Cultural PTSD, Victim Blaming and #MeToo

Victim Blaming is Widespread 

Victim Blaming Has Been a “Normal” Response to Sexual Trauma

One of the most obvious ways we have participated at the cultural level in victim blaming is when people say, think, or imply: “She was asking for it.” to minimize rape or sexual assault. Traditionally, we have assigned this maladaptive response to the misogyny that comes with patriarchal values.

I want to make it clear that I do NOT think this assessment is wrong. But I also don’t think it’s the full story.  Chalking the phenomenon of victim blaming up to misogyny doesn’t address why this misogynistic response has come about so forcefully (there’s the use of violent imagery yet again that is just part and parcel of our every day language) and is so very widespread across cultures.

We see the minimization of sexual violence- and the extent of it- in so many ways: When a staggering statistic like “1 in 4 girls will be sexually harassed or assaulted before the age of 18.” is thrown about, our societal reaction is to wring our hands and cluck with worry. Because it’s so overwhelming, we end up having to chalk the phenomenon up to yet another “too bad, so sad” part of daily life. That statistic is something most girls learn about at some point, and then either as girls or women, they need to make sense of it. They have to normalize it at some level. All too many normalize the statistic along with their lived experiences of assault or harassmentas just another part of daily living. Men have to normalize it at some level. All too many men witness harassment, hear about assault, and are exposed to and expected to participate in perpetuating rape cultures, and they also have to normalize this atrocious phenomenon as well.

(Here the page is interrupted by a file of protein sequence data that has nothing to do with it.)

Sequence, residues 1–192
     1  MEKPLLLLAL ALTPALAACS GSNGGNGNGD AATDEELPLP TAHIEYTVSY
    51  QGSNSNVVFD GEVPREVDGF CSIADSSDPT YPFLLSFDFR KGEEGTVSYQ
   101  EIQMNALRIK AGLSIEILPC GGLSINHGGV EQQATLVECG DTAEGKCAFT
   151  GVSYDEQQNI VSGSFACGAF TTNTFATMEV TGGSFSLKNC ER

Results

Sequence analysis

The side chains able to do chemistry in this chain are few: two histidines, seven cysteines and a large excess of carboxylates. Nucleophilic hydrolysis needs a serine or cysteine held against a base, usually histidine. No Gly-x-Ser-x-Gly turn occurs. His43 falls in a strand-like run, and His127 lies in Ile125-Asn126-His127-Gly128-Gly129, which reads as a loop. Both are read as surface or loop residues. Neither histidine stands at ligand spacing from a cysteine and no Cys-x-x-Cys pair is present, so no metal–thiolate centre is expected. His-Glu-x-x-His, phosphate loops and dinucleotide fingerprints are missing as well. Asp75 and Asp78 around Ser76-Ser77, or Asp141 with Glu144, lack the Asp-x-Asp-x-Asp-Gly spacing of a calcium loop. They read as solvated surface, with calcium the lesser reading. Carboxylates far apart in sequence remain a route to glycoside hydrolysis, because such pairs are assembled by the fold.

Misogyny cannot account for all of the sexual violence perpetrated against people. The statistic about children being sexually assaulted or harassed also includes a multitude of boys who then grow up to normalize their experiences on some level. These same organizations estimate that 1 in 7 boys directly experience being sexually violated in some way prior to the age of 18.

We then point to our admittedly very conflicted values around power as it relates to sexuality in general.  This gets closer to the truth, but still it compartmentalizes the issue to cultural wide sexual values, norms, mores, and assumptions. It does not get across how much normalizing of trauma goes on.  Nor does it really highlight the continued trauma -and need to cope with trauma- that happens to a staggering percentage of the population on a day to day basis.

Victim blaming is an almost predictable attempt by traumatized people to explain -why- trauma happens to innocent people.  

Traumatized people do not think logically.  We think only of how to quickly understand  what happened in desperate attempts to stop trauma from happening again.  We latch on to outlandish explanations in desperate attempts to protect ourselves from trauma happening again.  In the aftermath of trauma we think “I will never ride in a car again” as a legitimate way to protect ourselves from future trauma.

Again, this is a very real and extraordinarily harmful response that has caused immense suffering for millions upon millions of women, girls, men, boys and for entire families, and communities.

But victim blaming goes well beyond sexual violence perpetrated against women.

Victim Blaming Has Also Been a “Normal” Response to Oppression of ANY Kind

Think of how we have systematically place entire groups of people along a continuum of desirable and undesirable categories. We explain xenophobia and related dynamics in terms of in group and out group evolutionary predilections. In terms of fear, in terms of ignorance. But what about the trauma response of making victims “other”.

Justification of outright racism always begins with some form of “They deserve it.” It’s rampant, and, as with sexual violence, the dynamics are very complex. I do not mean to imply that racism can simply be “simply” chalked up to an unrecognized culture wide trauma response.  I am saying that the unrecognized trauma responses of the oppressors are also important factors in the complexity and entrenched nature of the dynamics that make up racism and institutionalized discrimination.  

The Role of Victim Blaming in the Conceptualizing of “Enemies” 

What #MeToo Can Do to Help

The longer term impact of #MeToo remains to be seen, but it is a narrative long overdue in it’s frankness and ability to articulate and actually come to grips with the amount of trauma that we are subjected to on a daily basis as humans.  Not just as women or as survivors of sexual violence, but the amount of trauma we as humans are subjected to.